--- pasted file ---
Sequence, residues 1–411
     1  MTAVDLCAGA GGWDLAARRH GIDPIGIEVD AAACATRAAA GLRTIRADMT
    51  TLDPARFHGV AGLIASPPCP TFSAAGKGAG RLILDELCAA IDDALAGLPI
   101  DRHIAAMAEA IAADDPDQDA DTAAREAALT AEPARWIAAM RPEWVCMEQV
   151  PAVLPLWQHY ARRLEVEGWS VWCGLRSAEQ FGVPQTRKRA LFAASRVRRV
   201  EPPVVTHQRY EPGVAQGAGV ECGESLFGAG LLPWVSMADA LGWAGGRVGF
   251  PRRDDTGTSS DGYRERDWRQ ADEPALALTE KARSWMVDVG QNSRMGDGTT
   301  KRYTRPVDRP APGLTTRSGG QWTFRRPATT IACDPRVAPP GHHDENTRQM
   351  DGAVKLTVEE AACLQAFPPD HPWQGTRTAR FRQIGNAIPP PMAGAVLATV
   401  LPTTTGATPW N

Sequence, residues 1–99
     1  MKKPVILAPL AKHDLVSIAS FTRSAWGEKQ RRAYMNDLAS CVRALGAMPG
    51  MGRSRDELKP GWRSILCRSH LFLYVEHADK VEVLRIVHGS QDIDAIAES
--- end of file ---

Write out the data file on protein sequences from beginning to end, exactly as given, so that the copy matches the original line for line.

Sequence, residues 1–411
     1  MTAVDLCAGA GGWDLAARRH GIDPIGIEVD AAACATRAAA GLRTIRADMT
    51  TLDPARFHGV AGLIASPPCP TFSAAGKGAG RLILDELCAA IDDALAGLPI
   101  DRHIAAMAEA IAADDPDQDA DTAAREAALT AEPARWIAAM RPEWVCMEQV
   151  PAVLPLWQHY ARRLEVEGWS VWCGLRSAEQ FGVPQTRKRA LFAASRVRRV
   201  EPPVVTHQRY EPGVAQGAGV ECGESLFGAG LLPWVSMADA LGWAGGRVGF
   251  PRRDDTGTSS DGYRERDWRQ ADEPALALTE KARSWMVDVG QNSRMGDGTT
   301  KRYTRPVDRP APGLTTRSGG QWTFRRPATT IACDPRVAPP GHHDENTRQM
   351  DGAVKLTVEE AACLQAFPPD HPWQGTRTAR FRQIGNAIPP PMAGAVLATV
   401  LPTTTGATPW N

Sequence, residues 1–99
     1  MKKPVILAPL AKHDLVSIAS FTRSAWGEKQ RRAYMNDLAS CVRALGAMPG
    51  MGRSRDELKP GWRSILCRSH LFLYVEHADK VEVLRIVHGS QDIDAIAES